Otto Baláž – Otino, born 1920, Čadca
Otto Baláž grew up in a musical family in the shadow of Velký Polom [a mountain not far from Jablunkov] between the villages of Rakov and Čadca. He attended both Czech and Slovak schools, was popular with both pupils and teachers, and received shoes and clothing from the school on special occasions.
Baláž enlisted in 1941 when he was twenty years old, in Trenčín. Very few Roma “bore arms”; they were mostly sent to camps and put in labour units. He said there were another three Roma who were in the army with him – his cousin Paľo, Miklúš from Horelica, and Jano from Horelica. Shortly after entering the army they were, with Baláž, posted to Russia. In Katowice in Poland, Baláž met Russian prisoners of war who were beaten by the Germans. Trying to help the prisoners, he took them leftover food from the kitchen. In doing this, however, he was very nearly shot. Captain Ján Nálepka, stood up for him and so he was spared; he added , however, that there were four or five times when he got into a situation where he was threatened with being shot. He said that Captain Nálepka fought first for the Slovak state, but later defected to the partisans; by then Baláž and his friend Štefan Spala had already defected to the partisans at Yelsk in Byelorussia. He said he was upset at the way the Germans dealt with people. After he joined the Byelorussian partisans, Baláž was initially in a local unit commanded by the Russian General [Alexander] Saburov. Because Saburov wanted, as Baláž says, to “organise” Captain Nálepka and his entire battalion, Baláž followed Nálepka through territory full of Germans and brought back a message that Saburov was to expect them within fourteen days. Baláž then took part with Nálepka in the fighting for the [Ukrainian] town of Ovruch, where Nálepka was shot. Baláž allegedly warned him beforehand that he should dismount, as a horse was an easy target.
During the war Baláž was treated in hospitals in Kyiv, Ovruch and the Donbas. He told how in the Kyiv hospital the local nursing sister took him to the cinema to see a film about General Ludvík Svoboda, which dealt with the organisation of the Czechoslovak Army in Poland. Baláž afterwards applied to the nascent army, was accepted and went to fight. He was wounded at Dukla and again ended up in hospital in Ovruch, where he met a girl he had recently allowed to escape with some others from a house set on fire by the Germans. She worked as a nurse and looked after Baláž. She also took him to his friend Kolya, who was being treated for typhus in the hospital, as a result of which Baláž was also infected. Already suffering from rheumatism, he spent a long time a recovering from the two illnesses. He later had better care in Kyiv Hospital, and after his release he set off home, but was caught again on the return journey by the tail end of the war. Baláž’s testimony includes two events which testify to the violence inflicted on civilians. In Byelorussia, Baláž was drawing water from a well in an unnamed village when he noticed hair floating in it; the bodies of twenty-five women had been dumped in the well, killed by the Germans according to Baláž. As a soldier in the Slovak army he was also sent to fight with the partisans in Byelorussia. In one village [name not given] the Germans captured local civilians, locked them in their houses and set them on fire. The soldiers had orders to shoot those who tried to escape. Baláž was sitting behind a machine gun but said he fired over rather than at them, and so twenty or thirty young women escaped. It was one of them who later looked after him in the Ovruch Hospital.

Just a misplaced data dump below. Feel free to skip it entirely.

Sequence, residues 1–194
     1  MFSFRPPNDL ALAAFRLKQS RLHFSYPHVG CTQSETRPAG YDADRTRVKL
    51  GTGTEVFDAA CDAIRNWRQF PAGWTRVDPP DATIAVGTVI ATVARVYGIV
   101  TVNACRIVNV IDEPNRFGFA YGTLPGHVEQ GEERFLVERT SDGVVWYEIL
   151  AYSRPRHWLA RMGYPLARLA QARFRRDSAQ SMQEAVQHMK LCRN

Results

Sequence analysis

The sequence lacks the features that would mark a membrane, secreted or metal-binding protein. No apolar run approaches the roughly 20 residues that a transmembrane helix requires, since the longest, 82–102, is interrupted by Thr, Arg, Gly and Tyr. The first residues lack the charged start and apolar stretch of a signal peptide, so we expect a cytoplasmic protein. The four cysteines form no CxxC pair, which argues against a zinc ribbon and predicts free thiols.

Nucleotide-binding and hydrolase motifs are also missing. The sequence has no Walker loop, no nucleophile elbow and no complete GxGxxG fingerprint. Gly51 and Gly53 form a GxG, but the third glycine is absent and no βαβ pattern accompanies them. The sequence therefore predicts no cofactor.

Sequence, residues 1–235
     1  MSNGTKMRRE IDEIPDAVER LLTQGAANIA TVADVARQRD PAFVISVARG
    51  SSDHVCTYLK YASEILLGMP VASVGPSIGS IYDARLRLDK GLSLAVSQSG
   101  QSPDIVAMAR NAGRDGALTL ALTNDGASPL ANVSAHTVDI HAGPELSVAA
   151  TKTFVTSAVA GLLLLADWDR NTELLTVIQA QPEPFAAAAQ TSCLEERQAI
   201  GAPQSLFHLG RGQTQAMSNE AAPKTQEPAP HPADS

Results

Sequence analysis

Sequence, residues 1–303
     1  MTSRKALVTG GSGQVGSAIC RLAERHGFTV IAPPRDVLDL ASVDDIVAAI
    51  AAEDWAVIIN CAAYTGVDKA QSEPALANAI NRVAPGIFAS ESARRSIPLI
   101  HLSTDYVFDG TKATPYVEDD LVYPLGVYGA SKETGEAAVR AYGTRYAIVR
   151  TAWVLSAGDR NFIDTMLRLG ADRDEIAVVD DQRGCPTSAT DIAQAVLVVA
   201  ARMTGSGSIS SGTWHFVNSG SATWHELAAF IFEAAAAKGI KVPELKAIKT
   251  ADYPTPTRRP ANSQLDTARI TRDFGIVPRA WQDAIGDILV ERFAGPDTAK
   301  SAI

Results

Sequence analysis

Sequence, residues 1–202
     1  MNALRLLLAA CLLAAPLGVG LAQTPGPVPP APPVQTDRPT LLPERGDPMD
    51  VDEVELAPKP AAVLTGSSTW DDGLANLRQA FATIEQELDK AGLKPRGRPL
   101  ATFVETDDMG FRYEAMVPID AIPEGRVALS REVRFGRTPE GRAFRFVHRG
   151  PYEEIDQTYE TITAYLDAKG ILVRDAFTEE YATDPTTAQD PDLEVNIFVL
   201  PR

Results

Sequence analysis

-  Full name not given.
-  Full name not given; Horelica was an independent village until 1943 and is now part of the town of Čadca.
-  Full name not given.
-  A Czechoslovak officer, later a partisan leader.
-  It is unclear whether he means the soldiers, prisoners or the civilians.
-  Full name not given.
Baláž arrived at Odessa on the Black Sea where repatriates from the Czech lands, Slovakia and England were gathering, some of them bringing their wives and children with them. Because he spoke Russian, he helped them get on the right trains. He travelled home via Poland and Dukla, then went on foot from the village of Vyšný Komárnik.
After the war Otto Baláž played the double bass at weddings.
How to cite abstractAbstract of testimony from: HÜBSCHMANNOVÁ, Milena, ed. “Po židoch cigáni.” Svědectví Romů ze Slovenska 1939–1945.: I. díl (1939–srpen 1944). 1. Praha: Triáda, 2005. ISBN 80-86138-14-3, 256-262. Testimonies of the Roma and Sinti. Project of the Prague Forum for Romani Histories (Institute of Contemporary History, Czech Academy of Sciences), https://www.romatestimonies.com/testimony/otto-balaz-otino (accessed 11/29/2023)
Origin of Testimony
The interview with Otto Baláž took place in 1996 at home in the presence of his wife Valérie Balážová. It was in Czech and Slovak, since the couple hardly ever used the Romani language. The editors put the interview into chronological order.
Where to find this testimony